Rosacea is a common chronic auto-inflammatory skin condition that causes red facial flushing and acne-like marks and bumps. Nearly 16 million Americans have rosacea but many of them aren’t even aware what the condition is. People often tend to attribute rosacea blushing and skin issues to sensitivity, allergies or rashes. Let’s take a closer look at rosacea so people can better identify it:
- The main symptoms of rosacea include: red or pink flushing of the facial skin (predominantly the nose and cheeks) from dilated blood vessels that show through the skin when aggravated, small bumps and cysts or rashes.
- The tiny red lines that appear on the faces of many rosacea sufferers are called telangiectasias. Telangiectasias are also a prominent feature of other types of skin conditions such as scleroderma.
- Rosacea cannot be cured but it can be easily managed with medications and creams such as antibiotics. Laser surgery may help in some cases.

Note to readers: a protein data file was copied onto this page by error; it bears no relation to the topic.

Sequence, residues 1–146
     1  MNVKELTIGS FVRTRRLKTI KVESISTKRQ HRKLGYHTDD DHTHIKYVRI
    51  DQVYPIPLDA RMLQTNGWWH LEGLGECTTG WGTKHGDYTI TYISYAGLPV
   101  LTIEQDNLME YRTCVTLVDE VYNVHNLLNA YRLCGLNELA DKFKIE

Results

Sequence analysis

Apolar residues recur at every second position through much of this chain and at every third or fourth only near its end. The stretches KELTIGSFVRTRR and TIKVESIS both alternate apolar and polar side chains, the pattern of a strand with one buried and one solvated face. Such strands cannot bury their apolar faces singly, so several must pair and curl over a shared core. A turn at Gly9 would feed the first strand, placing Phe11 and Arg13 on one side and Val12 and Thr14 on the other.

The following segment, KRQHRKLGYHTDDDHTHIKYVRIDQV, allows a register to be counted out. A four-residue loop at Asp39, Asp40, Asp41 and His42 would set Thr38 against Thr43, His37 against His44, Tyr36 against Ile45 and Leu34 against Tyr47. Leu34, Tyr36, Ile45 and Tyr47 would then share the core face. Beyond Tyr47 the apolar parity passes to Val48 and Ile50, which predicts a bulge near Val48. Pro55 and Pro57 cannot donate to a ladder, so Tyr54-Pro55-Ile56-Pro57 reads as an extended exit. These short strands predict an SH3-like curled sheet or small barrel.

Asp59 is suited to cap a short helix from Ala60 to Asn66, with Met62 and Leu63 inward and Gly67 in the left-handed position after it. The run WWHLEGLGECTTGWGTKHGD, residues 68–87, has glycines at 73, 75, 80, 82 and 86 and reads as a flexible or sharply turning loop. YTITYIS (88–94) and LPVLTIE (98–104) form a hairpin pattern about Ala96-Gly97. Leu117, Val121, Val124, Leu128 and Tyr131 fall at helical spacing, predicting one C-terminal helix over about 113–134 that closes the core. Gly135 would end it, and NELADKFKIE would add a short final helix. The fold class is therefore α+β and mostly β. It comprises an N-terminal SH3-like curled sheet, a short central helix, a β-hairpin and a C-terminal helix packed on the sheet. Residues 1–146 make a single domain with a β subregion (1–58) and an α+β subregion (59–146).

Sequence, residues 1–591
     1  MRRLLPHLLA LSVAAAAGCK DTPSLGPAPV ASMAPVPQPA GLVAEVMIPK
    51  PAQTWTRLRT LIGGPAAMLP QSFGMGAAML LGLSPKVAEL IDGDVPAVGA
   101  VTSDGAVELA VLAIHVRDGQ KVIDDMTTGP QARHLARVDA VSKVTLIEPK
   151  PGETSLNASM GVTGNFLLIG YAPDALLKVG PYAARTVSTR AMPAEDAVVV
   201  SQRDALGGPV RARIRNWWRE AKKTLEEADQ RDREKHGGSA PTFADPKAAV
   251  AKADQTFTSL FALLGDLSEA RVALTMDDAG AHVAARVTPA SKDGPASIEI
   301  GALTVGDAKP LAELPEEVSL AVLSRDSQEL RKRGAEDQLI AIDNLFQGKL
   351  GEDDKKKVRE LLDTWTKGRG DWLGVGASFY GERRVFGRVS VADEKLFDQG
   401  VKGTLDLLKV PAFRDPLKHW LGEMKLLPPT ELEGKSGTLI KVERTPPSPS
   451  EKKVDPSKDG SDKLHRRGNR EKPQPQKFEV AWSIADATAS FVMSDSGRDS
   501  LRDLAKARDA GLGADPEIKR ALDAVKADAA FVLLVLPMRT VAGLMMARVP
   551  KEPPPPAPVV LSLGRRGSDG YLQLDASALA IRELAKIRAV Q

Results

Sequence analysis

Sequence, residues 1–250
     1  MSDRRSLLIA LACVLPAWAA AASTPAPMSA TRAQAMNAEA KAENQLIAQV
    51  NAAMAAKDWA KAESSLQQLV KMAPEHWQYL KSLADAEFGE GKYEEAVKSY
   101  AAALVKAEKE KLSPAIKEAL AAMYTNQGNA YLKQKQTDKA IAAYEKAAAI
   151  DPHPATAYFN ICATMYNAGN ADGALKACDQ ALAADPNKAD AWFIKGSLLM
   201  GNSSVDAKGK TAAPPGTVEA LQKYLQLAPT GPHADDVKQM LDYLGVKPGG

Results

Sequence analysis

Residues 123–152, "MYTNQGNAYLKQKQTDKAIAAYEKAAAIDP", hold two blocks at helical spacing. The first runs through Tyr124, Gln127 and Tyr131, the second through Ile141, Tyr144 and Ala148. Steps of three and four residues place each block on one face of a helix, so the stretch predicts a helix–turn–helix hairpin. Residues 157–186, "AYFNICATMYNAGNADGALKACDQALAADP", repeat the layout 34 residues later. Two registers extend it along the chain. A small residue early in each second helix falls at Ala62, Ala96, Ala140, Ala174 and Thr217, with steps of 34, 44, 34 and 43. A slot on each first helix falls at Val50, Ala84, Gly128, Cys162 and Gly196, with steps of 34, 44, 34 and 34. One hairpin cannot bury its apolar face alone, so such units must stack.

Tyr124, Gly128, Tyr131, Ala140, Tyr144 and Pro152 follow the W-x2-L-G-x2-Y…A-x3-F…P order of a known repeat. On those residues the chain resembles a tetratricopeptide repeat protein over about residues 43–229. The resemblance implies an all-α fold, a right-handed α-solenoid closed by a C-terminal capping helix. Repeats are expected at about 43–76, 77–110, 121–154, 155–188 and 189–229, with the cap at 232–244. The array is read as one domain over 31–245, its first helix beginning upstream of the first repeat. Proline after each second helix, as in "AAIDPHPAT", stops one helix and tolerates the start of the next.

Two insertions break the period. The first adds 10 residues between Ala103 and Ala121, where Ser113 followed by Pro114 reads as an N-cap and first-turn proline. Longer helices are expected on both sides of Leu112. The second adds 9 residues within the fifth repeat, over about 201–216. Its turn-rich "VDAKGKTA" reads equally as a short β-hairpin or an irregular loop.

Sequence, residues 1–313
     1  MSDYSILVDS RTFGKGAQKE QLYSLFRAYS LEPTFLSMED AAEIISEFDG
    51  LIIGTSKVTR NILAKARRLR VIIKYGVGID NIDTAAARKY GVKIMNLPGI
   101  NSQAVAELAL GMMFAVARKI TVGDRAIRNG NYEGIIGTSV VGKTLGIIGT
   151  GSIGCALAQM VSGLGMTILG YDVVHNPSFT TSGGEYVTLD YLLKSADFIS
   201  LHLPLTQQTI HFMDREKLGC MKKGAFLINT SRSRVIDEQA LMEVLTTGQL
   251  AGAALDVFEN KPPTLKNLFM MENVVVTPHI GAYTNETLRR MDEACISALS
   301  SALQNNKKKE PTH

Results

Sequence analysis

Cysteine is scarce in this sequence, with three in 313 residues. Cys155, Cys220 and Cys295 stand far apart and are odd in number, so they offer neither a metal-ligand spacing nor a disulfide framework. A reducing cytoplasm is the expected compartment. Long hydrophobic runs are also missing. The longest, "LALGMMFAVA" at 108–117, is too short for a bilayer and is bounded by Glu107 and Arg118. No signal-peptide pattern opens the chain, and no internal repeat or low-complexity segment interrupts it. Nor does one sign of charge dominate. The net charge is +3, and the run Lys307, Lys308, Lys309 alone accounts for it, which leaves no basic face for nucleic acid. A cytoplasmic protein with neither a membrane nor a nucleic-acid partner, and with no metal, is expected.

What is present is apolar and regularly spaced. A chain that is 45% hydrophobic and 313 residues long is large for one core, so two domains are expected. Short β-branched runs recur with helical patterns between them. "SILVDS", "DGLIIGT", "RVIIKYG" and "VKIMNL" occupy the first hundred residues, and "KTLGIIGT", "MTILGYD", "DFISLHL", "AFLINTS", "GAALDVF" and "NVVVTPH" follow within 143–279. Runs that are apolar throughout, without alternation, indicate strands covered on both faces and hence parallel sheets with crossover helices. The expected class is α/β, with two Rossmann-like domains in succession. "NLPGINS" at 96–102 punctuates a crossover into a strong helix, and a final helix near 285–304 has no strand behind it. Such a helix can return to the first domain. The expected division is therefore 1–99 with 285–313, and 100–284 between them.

- Other complications or characteristics of rosacea may include: an enlarged, bulbous nose, intermittent facial inflammation and eye problems such as conjunctivitis.
- Rosacea ‘flares’ are often brought about by certain triggers such as medications, temperature fluctuations, alcohol, certain foods (like strong spices) or stress.
- Famous people that have rosacea include former president Bill Clinton, Renee Zellweger and Prince William.
- Rosacea occurs in predominantly fair-skinned people. It strikes women more often, but men more severely. Rosacea can hit at any age but it most often surfaces between 30 and 50.
- Although it most often occurs as an independent condition, there have been correlations drawn between rosacea and various autoimmune disorders such as celiac disease, multiple sclerosis and type 1 diabetes. It has also shown links with such disease as heart disease, depression and high cholesterol.
That concludes our closer look at this widely misunderstood skin condition. Do you experience some of the symptoms listed above? Talk to a doctor today about the possibility of rosacea. Thanks for visiting EMC